Surface graphitization by microfocused soft X-rays and electron beams

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Since the beginning of the XX century, our data storage is based on magnetic devices, from magnetic tapes to hard disks. In these devices, the information is saved as a magnetized sector of the tape, or disk, and the technological advancements allowed their miniaturization. As an example, the areal density increased of five hundred million times from 1956 to 2014, having an impact also on the cost per gigabyte, which decreased from nine million dollars to two cents from 1957 to 2018, thus allowing for the construction of small but powerful devices, such as smartphones and tablets. To achieve further advancements is fundamental to be able to manipulate magnetic regions with new techniques.

CERIC project MAG-ALCHEMI aims at developing tools to control thin-film magnetism via interfacial engineering. The capability to locally control the magnetic state is pursued trough lithographic methods. In fact, lithography allows to sculpt structures with arbitrary shapes by both removing or adding atomic species on surfaces with remarkable accuracy.

A research by Francesca Genunzio, Andrea Locatelli, scientists at the CERIC synchrotron facility in Trieste (ITA), and colleagues, highlighted the possibility to use photons and electrons to manipulate a magnetic substrate at the nanometric scale. Researchers were able to deposit a layer of carbon atoms over a thin cobalt film. This result was achieved by adsorption of carbon monoxide (CO) followed by microfocused soft X-rays or electron beams. This procedure stimulates the CO dissociation and the release of oxygen, thus leaving a layer of carbon atoms. The process was monitored in real-time by Fast-XPS and XPEEM.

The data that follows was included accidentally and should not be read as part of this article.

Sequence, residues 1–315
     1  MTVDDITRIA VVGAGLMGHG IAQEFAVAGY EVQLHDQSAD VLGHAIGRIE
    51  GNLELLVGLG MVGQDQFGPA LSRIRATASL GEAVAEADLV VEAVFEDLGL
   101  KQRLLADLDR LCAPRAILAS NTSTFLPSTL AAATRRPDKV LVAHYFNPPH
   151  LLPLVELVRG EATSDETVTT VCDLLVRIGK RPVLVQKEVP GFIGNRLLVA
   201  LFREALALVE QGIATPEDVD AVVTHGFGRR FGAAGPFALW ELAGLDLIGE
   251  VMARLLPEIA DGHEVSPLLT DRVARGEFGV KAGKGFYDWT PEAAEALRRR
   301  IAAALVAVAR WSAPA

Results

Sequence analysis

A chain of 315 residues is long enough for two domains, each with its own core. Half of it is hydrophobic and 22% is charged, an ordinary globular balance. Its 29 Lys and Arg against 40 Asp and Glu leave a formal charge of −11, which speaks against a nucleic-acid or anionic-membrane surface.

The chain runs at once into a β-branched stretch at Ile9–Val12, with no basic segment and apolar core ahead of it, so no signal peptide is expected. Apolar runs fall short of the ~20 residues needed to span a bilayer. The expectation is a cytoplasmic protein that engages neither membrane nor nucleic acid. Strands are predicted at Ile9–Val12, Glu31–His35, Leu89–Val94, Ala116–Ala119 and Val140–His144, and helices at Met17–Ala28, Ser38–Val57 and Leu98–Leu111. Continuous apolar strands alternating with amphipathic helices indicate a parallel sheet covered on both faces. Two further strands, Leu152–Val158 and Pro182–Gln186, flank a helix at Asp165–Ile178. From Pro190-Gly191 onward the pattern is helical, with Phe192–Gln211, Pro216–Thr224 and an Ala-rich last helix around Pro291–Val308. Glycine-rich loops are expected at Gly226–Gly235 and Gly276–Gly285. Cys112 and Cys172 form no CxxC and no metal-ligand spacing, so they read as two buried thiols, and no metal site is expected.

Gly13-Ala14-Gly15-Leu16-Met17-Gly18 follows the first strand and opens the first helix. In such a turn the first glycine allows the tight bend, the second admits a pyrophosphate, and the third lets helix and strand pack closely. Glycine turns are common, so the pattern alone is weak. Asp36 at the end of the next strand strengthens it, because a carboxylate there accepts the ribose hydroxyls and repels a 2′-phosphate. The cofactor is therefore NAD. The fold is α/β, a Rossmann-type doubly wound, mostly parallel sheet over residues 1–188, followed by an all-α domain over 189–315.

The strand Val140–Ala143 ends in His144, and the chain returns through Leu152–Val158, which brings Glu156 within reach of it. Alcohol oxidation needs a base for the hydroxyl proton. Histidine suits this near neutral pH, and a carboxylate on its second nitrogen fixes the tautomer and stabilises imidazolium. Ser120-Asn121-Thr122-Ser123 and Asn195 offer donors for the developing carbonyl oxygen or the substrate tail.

TOP: Scheme of the litographic method used in the research
BOTTOM: Low energy electron microscope (LEEM) image showing experimental results

The results show that, in the case of soft X-rays, the dissociation probability increases with the energy of the photons. At the same time, low energy electrons in the range of 50-200 eV, dissociated CO more efficiently than X-rays. After the stimulated CO dissociation, the thin layer was heated, causing the desorption of the carbon monoxide molecules in the nonirradiated regions. The remaining graphitic overlayer modified the magnetic anisotropy of the cobalt film, and protected it from oxidation in ambient conditions, therefore enabling the sample transfer without protection. A remarkable feature for ultra-thin magnetic films.

Original Article:

STIMULATED CO DISSOCIATION AND SURFACE GRAPHITIZATION BY MICROFOCUSED X-RAY AND ELECTRON BEAMS, GENUZIO, F., GENONI, P., MENTES̀§, T. O., SANTOS, B., SALA, A., LENARDI, C., & LOCATELLI, A. (2018). THE JOURNAL OF PHYSICAL CHEMISTRY C, 123(13), 8360-8369.

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